Last year was the first year that I ran regularly outdoors throughout the winter. In previous years, I took to the treadmill or chose other workouts instead. But last winter, I was training for the NYC Half, and committed to running four days per week outdoors. As the weather changed, I got quite an education on how to dress myself properly for runs of varying distance and intensity in all sorts of weather. I thought that it would be a useful tool to share what I have been wearing as the weather has gotten cooler.
Those of you who follow me on Twitter may have noticed that I regularly tweet my running outfits. I have been doing this, in part, so that at the end of the month I could look back and summarize it all for you in a post at Rachel On and On. Also, it is a way for me to look back at what I have worn in the past so that I can re-wear some of those same outfits when running in similar conditions.
Why? A water repelling shell that also blocks the wind will cover you for inclement weather conditions. It also layers easily over other base layers.
What to look for: smart features like handwarmers, breathable materials under the arms and other high sweat areas, and pockets to stash hats and gloves when you start to feel warm. Bright colors and reflective features also make it easier to be spotted in low light.
Half-Zip Tech Shirt
Why? It’s cool out and you want the warmth of a long sleeve top with a high neck, but inevitably you’ll warm up during your run. A half-zip can both be lowered to enhance breathability, or the top can be easily removed and tied at your waist.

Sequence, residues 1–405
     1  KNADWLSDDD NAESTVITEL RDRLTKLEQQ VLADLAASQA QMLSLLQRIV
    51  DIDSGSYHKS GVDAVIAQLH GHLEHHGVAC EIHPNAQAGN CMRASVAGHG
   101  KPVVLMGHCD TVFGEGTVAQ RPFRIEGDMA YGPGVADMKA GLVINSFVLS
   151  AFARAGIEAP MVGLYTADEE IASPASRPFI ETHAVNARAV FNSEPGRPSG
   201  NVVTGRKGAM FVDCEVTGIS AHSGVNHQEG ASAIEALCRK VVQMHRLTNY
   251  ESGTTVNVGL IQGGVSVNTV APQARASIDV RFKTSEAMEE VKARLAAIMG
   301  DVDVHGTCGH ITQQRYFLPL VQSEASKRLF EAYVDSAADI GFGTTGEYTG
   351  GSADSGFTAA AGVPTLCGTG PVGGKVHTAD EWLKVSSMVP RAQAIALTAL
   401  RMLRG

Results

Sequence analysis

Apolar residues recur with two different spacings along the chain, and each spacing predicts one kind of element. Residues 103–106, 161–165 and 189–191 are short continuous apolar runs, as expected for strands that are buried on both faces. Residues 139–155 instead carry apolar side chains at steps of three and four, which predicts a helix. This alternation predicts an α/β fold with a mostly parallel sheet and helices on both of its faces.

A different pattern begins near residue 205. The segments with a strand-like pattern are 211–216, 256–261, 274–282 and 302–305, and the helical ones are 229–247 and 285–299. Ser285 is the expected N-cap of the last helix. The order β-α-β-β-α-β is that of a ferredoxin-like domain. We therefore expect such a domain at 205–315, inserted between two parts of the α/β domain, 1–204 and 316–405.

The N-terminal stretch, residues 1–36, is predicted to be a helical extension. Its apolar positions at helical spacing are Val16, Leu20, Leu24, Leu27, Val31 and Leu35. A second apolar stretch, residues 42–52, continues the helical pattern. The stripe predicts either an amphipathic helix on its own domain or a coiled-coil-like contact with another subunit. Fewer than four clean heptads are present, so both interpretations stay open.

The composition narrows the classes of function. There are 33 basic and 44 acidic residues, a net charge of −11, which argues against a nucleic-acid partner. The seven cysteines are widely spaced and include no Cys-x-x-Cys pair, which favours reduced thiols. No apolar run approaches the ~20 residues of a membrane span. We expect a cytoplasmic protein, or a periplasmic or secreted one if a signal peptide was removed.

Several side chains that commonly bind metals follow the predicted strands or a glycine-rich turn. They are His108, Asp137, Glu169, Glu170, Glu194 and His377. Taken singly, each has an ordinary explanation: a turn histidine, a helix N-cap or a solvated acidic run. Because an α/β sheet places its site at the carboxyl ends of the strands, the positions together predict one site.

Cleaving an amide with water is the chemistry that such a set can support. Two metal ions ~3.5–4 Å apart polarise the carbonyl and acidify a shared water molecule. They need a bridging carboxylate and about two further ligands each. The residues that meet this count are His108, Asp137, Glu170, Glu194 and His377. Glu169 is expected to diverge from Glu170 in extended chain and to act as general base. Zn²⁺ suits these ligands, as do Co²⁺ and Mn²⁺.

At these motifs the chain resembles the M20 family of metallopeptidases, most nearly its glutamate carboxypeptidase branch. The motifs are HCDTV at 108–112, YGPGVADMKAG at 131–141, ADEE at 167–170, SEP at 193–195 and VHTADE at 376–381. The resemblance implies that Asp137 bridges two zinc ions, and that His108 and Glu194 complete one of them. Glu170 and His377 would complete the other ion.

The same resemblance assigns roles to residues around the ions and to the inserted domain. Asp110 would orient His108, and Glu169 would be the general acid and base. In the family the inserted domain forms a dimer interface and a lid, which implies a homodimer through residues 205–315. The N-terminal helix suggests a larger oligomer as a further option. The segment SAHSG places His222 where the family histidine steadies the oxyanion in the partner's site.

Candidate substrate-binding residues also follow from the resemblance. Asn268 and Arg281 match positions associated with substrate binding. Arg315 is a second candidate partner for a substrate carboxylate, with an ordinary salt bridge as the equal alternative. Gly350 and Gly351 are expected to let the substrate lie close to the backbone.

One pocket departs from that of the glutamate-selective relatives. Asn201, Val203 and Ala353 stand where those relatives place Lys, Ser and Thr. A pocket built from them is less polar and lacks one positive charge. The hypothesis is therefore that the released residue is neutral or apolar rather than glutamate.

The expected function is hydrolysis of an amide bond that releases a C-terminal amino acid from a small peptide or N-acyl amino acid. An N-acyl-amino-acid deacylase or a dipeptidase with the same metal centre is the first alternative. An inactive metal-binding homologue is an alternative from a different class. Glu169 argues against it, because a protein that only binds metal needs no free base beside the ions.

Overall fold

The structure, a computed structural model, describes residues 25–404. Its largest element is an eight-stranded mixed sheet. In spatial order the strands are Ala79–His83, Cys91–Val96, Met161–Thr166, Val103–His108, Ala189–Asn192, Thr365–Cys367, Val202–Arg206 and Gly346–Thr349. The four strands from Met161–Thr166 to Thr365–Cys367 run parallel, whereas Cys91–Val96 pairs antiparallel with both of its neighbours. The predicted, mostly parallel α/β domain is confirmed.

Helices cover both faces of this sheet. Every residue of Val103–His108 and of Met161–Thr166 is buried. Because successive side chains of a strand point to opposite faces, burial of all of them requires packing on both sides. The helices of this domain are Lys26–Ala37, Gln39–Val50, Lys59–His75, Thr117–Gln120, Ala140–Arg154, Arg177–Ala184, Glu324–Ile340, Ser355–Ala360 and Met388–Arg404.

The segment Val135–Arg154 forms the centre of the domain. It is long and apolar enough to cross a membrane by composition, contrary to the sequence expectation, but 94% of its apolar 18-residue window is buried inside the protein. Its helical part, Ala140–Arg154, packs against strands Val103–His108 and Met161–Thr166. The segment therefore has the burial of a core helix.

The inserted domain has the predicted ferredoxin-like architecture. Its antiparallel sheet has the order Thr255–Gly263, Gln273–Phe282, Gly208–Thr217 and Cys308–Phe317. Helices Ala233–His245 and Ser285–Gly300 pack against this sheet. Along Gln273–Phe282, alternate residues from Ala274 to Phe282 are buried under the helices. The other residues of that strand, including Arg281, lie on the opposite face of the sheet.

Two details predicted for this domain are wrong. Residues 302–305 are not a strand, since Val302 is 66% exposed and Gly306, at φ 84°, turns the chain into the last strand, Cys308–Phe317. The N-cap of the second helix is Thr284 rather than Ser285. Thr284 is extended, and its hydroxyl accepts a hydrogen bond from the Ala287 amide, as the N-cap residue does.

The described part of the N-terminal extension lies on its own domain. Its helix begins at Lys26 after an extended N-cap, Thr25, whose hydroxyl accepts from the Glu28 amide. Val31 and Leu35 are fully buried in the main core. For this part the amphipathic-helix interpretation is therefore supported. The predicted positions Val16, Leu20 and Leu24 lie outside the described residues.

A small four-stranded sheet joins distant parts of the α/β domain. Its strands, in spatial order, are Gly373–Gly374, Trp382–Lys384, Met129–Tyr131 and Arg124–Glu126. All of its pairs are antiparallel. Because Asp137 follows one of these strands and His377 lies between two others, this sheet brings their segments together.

What to look for: Light or bright colors and reflective details.
Fleece-Lined Tech Shirt
Why? It’s a cozy way to keep yourself warm during runs without the bulkiness of a jacket.
What to look for: Thumb holes that help keep sleeves down and hands warm…and bright colors with reflective details.
Why? They make the perfect core warming base layer without constricting arms under outer layers. Also, if you warm up enough to remove your outer layer, these offer more coverage than a sports bra.
What to look for: Breathable fabrics and built-in support.
What to look for: Breathable fabrics and high-impact support.
Why? They keep your legs warm with the added benefit of compression.
What to look for: Pants that fit well should stay in place and not ride up or slide down during runs. I also like a gel/key pocket in mine. Added features such as mesh behind the knees to avoid sweat build-up are a nice bonus.
Why? Same as above, but offer more breathability.
What to look for: Make sure to find a pair that falls a few inches below your knees to avoid bunching.
Why? These are best for 50+ degree days when a long sleeve top and shorts are all you need to feel warm during your run. However, without the benefit of compression, adding a pair of compression socks or calf sleeves may be a good idea.
What to look for: Fit is crucial; storage pockets are nice. I am also a fan of bright, pretty colors.
My trusty Saucony Guide 5’s
Why? Because they actually make mid-foot striking easier.
What to look for: Sales. This model has been replaced with the Guide 6 which I have yet to try, but I stocked up on these when they were on clearance at my local Modell’s a few weeks ago.
Why? It keeps your ears and forehead warm without messing your hair, like a hat.
What to look for: One that narrows at the base of the head and is wider at the top is more likely to stay on during runs.
Why? It’s a great way to stash money, ID, fuel, keys, and/or a phone when wearing gear with minimal pockets.